The idea of the political 'independence' of the police: international interpretations and experiences

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Title The idea of the political 'independence' of the police: international interpretations and experiences
Author Stenning, Philip
Book Title Police and Government Relations: Who is calling the shots?
Editor Margaret E. Beare and Tonita Murray
Year Published 2007
Place of publication Toronto
Publisher University of Toronto Press
Abstract This chapter serves to clarify some of the key concepts. By graphically illustrating the relationship between degrees of 'control' and degrees of accountability it is argued that the two concepts are not incompatible. The term independence is then used in the chapter to refer only to decision-making that falls in what is pictured as the fourth quadrant: 'full accountability' with 'no control'. The chapter then outlines the scope or range of the potentially 'independent' decision-making tasks. Stenning discusses the growth of the 'doctrine of police independence'. It is argued that what we might assume is a widely held value favouring police independence is in fact unique to certain jurisdictions and the United Kingdom 'roots' to the Canadian police services are more questionable than many writers assume. The main task of this chapter was to present an international perspective. The chapter provides an overview of police independence in England and Wales, Australia and New Zealand. Regarding England and Wales, the chapter concludes that the scope and practical implications of police independence remain 'unclear and open to contestation and debate'. In Australia police independence tends to be limited by the way in which the Australian police services are organized—on a state and Commonwealth governmental level rather than having local or municipal forces. In New Zealand there is one single national police service and therefore no local authorities that could make demands or issue instructions to the police. The NZ police are governed directly by the central government. However, three recent factors have expanded the discussion in NZ regarding the issues that surround police-government relations: a governmental review of the administration and management of the New Zealand Police; controversy over the state visit of the President of China to NZ in 1999; and the introduction of a Bill to amend the existing Police Act.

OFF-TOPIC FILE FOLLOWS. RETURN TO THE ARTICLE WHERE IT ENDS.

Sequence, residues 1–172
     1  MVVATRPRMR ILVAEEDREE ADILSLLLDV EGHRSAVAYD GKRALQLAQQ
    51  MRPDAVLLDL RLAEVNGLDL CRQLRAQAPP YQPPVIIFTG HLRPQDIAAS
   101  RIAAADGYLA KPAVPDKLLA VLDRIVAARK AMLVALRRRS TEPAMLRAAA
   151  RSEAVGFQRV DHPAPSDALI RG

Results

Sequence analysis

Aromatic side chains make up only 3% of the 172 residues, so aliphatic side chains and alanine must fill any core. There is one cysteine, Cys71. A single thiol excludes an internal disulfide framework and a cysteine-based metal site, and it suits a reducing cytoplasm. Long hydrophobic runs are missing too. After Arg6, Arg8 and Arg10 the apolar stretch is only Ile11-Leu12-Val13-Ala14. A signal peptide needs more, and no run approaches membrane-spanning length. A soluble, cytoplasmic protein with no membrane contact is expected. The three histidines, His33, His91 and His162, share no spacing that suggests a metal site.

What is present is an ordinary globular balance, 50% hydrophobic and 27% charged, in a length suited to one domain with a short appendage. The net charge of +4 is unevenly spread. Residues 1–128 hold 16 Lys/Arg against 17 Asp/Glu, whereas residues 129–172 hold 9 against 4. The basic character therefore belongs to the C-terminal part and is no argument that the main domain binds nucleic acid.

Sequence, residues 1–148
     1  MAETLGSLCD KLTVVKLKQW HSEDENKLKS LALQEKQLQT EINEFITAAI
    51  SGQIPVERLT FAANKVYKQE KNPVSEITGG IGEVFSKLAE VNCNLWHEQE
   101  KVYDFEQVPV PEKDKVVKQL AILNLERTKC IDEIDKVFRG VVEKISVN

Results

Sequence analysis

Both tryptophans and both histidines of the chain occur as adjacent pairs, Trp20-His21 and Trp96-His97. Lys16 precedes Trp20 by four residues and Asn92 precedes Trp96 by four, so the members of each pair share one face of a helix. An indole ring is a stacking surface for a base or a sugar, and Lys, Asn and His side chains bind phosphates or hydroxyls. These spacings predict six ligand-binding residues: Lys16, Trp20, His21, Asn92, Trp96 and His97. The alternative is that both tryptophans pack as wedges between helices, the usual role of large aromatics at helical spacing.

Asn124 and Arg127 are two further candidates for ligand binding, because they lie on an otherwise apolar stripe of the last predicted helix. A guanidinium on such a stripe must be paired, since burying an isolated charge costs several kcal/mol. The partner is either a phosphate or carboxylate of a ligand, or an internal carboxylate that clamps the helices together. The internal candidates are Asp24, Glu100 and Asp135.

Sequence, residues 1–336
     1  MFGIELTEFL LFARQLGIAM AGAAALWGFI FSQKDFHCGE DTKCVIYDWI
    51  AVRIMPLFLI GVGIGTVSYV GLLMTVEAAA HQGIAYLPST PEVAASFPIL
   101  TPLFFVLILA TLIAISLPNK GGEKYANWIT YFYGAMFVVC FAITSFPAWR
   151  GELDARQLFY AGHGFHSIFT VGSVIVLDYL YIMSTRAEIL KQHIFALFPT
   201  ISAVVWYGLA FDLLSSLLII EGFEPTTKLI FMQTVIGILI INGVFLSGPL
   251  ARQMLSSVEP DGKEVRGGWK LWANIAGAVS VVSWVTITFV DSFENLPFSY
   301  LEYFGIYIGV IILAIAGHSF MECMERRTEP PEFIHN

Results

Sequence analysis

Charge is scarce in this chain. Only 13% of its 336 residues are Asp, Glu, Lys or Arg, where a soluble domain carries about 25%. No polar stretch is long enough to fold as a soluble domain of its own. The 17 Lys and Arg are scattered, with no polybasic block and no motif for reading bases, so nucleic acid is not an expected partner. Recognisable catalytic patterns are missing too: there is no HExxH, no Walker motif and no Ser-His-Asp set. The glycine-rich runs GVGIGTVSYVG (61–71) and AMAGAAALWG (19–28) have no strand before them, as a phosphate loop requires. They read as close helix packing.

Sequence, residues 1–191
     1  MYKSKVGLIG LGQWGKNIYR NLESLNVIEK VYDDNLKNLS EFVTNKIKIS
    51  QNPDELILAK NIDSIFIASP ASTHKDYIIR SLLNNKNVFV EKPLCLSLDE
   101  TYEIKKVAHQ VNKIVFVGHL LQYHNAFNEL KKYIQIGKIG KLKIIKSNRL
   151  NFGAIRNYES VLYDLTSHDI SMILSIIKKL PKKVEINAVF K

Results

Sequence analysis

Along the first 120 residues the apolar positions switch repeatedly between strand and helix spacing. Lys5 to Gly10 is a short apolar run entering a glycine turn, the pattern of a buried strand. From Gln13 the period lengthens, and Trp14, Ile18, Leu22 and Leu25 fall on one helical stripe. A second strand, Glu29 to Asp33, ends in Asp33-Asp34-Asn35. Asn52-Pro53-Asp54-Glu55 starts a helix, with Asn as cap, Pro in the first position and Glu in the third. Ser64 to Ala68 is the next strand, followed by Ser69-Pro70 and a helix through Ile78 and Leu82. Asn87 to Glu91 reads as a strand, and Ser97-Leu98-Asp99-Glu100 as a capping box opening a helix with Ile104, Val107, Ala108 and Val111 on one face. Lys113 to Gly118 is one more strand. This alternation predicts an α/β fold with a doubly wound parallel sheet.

Peer Reviewed Yes
Published Yes
Publisher URI
Chapter Number 4
Page from 183
Page to 255
ISBN 9780802091529
Date Accessioned 2011-03-17
Language en_AU
Research Centre ARC Centre of Excellence in Policing and Security; Key Centre for Ethics, Law, Justice and Governance
Faculty Arts, Education and Law
Subject Police Administration, Procedures and Practice
Publication Type Book Chapters
Publication Type Code b1x

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